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Events honor historic 1960 accord that ended segregation on Strip

A Moulin Rouge Affair by Harrison House

L.E. Baskow

Assemblyman Joseph Hogan and Dr. Sarann Knight Preddy celebrate as they participate in a Bridge of Peace Ceremony of Reconciliation and Healing at the Elks Lodge on Wednesday, March 26, 2014. It was a highlight during A Moulin Rouge Affair sponsored by the Harrison House.

Updated Thursday, March 27, 2014 | 2:19 p.m.

A Moulin Rouge Affair by Harrison House

Pastor Juan Morales gives the opening prayer for A Moulin Rouge Affair sponsored by the Harrison House at the Elks Lodge on Wednesday, March 26, 2014. Launch slideshow »

As Nevadans are celebrating the state’s history and making giant cakes for the 150th Anniversary, the Harrison House, Nevada Black Historical Society and other organizations wanted to make sure the history of blacks in Nevada was also celebrated.

On March 26, 1960, civil rights leaders, hotel owners and public officials met at the Moulin Rouge to broker a deal that led to the desegregation of Las Vegas casinos. Wednesday night, on the 54th anniversary of the accord, the Moulin Rouge Agreement was celebrated at a ceremony at the Elks Lodge 1468, on West Charleston Boulevard.

The event was a celebration of past civil rights achievements while also serving as a reminder of work to be done to foster community growth and unity.

Assemblyman Harvey Munford, D-Las Vegas, accepted “Ambassador for Peace” awards on behalf of Bob Bailey, who was the master of ceremonies at the Moulin Rouge, and Rev. Donald Clark, the last two surviving people who were at the historic meeting.

Munford moved to Las Vegas in 1966, but he pointed to Lucille Bryant in the audience, who moved from Louisiana in 1953 to work as a maid at the Algiers for $8 a day. At the time, she was not even allowed to cash her paycheck on the Strip. After desegregation, blacks were gradually allowed to hold jobs other than maid or porter, and Bryant eventually became manager of the Stardust’s uniform room.

Hank Greenspun, founder and former publisher of the Las Vegas Sun, put Bob Bailey on television in Las Vegas and helped broker the historic accord. His son, and current Sun Publisher Brian Greenspun, said his father got a lot of hate mail for putting Bailey on television while sharing his memories of the time.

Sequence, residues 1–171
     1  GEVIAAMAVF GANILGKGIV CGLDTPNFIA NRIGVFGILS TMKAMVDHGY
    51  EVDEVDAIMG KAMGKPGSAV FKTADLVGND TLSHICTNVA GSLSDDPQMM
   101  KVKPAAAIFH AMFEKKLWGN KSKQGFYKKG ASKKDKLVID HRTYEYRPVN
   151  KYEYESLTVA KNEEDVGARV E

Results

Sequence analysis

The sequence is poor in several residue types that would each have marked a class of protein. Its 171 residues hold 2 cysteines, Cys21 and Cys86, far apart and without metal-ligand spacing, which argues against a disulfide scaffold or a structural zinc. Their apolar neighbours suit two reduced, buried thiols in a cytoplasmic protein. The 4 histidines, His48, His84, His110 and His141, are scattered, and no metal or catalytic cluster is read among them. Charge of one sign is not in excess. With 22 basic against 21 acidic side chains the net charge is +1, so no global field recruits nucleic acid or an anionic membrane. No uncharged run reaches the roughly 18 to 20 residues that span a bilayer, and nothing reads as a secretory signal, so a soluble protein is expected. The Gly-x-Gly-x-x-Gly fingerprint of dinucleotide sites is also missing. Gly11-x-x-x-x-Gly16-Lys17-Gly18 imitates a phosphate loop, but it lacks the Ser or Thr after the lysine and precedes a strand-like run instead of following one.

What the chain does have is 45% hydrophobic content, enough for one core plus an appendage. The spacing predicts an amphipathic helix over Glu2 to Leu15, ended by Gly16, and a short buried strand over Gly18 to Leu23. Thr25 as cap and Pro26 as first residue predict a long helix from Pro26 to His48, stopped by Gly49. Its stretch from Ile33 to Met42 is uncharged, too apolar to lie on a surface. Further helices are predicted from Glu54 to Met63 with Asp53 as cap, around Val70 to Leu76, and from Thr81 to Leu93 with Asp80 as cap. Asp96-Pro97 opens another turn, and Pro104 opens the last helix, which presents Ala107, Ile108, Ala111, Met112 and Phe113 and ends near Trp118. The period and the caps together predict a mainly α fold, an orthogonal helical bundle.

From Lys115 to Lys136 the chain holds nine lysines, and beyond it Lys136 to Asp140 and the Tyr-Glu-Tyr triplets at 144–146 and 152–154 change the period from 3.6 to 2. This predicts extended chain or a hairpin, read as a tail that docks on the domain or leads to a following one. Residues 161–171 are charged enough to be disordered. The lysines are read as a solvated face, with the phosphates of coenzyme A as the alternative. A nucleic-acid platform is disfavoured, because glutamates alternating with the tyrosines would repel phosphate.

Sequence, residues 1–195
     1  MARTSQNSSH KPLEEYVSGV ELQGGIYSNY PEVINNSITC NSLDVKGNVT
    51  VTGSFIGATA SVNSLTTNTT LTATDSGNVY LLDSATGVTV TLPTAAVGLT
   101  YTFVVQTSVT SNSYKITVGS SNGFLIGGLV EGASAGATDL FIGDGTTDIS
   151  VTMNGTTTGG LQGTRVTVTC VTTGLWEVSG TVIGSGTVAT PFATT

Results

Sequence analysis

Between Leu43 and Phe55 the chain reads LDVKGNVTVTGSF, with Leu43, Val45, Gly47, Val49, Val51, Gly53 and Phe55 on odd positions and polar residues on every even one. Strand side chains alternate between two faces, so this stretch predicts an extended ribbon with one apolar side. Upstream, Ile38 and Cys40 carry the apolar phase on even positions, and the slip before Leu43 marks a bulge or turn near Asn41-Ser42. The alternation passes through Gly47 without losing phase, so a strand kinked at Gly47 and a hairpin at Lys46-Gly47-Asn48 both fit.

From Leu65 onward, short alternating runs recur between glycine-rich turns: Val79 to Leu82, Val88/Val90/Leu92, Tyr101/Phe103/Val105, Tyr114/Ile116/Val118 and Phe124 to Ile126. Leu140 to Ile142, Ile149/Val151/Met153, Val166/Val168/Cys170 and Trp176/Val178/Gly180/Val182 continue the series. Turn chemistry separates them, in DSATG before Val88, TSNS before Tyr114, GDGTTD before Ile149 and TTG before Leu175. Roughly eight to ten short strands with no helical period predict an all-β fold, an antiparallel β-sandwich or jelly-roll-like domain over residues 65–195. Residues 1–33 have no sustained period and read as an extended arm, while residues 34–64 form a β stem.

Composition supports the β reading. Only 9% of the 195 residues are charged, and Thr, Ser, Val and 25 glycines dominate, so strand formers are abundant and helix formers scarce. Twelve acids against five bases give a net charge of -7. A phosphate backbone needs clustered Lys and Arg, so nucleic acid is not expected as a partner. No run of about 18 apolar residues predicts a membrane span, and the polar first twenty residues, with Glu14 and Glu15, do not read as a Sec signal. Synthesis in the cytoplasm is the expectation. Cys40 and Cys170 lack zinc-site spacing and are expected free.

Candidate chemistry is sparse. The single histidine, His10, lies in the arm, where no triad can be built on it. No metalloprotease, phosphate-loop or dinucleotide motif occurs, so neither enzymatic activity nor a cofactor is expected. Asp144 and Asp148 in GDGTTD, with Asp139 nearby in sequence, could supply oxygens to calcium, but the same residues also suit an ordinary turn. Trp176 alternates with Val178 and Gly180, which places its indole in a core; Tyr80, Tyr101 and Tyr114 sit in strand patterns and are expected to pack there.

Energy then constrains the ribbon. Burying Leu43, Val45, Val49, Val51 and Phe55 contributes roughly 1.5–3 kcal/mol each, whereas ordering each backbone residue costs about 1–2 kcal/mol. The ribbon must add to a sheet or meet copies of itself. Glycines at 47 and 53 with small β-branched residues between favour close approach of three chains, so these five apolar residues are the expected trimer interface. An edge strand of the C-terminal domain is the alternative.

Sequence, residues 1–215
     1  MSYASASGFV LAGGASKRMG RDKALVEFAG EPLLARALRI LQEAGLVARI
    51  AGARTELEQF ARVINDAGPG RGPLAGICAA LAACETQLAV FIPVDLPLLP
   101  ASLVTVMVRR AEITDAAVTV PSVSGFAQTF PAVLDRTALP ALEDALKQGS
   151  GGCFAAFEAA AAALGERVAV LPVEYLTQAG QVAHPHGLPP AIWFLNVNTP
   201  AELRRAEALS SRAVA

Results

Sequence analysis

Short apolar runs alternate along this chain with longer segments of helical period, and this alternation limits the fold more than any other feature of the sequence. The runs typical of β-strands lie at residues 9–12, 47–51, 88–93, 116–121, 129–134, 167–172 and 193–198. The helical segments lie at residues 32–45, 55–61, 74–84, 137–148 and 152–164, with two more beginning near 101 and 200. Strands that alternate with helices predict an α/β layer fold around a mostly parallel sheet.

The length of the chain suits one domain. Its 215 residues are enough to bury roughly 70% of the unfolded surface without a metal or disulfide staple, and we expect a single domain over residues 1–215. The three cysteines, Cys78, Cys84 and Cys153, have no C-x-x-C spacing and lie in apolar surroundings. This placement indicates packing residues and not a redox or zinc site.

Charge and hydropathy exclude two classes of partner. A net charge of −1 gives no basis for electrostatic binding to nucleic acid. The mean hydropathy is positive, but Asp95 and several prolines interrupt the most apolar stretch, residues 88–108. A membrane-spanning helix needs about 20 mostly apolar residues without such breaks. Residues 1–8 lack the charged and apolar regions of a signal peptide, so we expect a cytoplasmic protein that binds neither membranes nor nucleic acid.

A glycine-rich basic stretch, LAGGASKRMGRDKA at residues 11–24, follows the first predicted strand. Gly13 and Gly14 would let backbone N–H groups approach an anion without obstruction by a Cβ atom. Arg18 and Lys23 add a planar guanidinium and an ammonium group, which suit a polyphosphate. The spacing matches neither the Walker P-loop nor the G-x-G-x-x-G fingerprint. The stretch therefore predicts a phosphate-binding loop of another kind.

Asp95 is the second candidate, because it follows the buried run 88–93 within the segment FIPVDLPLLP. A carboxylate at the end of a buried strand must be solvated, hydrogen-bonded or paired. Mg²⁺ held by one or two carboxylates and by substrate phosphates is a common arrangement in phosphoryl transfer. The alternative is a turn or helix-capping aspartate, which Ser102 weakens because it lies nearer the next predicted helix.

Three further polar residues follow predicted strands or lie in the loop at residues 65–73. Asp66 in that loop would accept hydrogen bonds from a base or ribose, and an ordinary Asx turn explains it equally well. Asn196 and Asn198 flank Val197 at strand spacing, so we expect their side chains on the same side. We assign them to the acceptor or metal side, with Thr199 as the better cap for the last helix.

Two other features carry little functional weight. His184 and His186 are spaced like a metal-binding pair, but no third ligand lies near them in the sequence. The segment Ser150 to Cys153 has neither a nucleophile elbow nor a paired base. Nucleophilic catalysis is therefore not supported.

“The agreement … ended segregation on the Las Vegas Strip and allowed the city to grow to international prominence,” Greenspun said. “It would not and could not have happened but for that agreement and for that hotel and especially the people you are honoring today.”

“It is my hope that we will not need to do this 50 years from now or five years from now. It’s clear in Las Vegas that we are past whatever that history was, but I would be foolish and you would be foolish to accept it if I said: ‘It’s done. It’s over.’ It is a continuing struggle.”

Mayor Carolyn Goodman presented a proclamation declaring March 26 Moulin Rouge Agreement Day in Las Vegas.

The central part of the celebration was a Bridge of Peace ceremony conducted by the Women’s Federation for World Peace, a nongovernmental organization that works with Economic and Social Council of the United Nations and works with women to transcend differences in race, culture, and religion to resolve complex problems and conflict.

“The Bridge of Peace ceremony stands for reconciliation and repentance,” said Kimiyo Anceney, chairwoman of the local chapter of the federation. "It’s also about taking things a step further to make a new beginning. It is a step forward for the groups and people being represented.”

Several pairs walked across the stage, greeted each other and then held hands as they walked off stage together in a gesture of peace and reconciliation.

“In our hearts, we have not come to the point where we really see the dignity and the honor and the value of each person around us,” said Kim Dadachanji, director of the Maryland chapter of the federation and the event’s keynote speaker.

“We know that walking across a bridge is not solving the problems, but when we go across the bridge we are saying that we repent that we have not come further, we repent for what has happened in the past, and offer gratitude that we live in a time when we can effect change.”

The Harrison House provided housing to black entertainers like Sammy Davis Jr. in the 1940s and 1950s, when they could perform, but not gamble or stay at the casinos. Today the Harrison House is a charitable organization dedicated to community development and celebrating Nevada’s black history.

“With the celebration around Nevada’s sesquicentennial we wanted to make sure African-American history is recorded along with Nevada’s 150-year history. If we didn’t step up, it might not be there,” said Katherine Duncan of the Harrison House. “There were blacks in Nevada before it became a state, and they were fighting for freedom for all Americans. It was a black man who found a new route through the mountains to California, so people didn’t have to go over Donner Pass anymore.”

The Moulin Rouge celebration is part of a week’s worth of events, the Emancipation Proclamation Celebration, held by the Harrison House to celebrate Nevada’s black heritage. It all culminates this weekend with a street fair on F Street near the house, 1001 F St., and blues and gospel music festivals on Saturday and Sunday respectively.

For more information on all of the events visit or call 702-331-5511.

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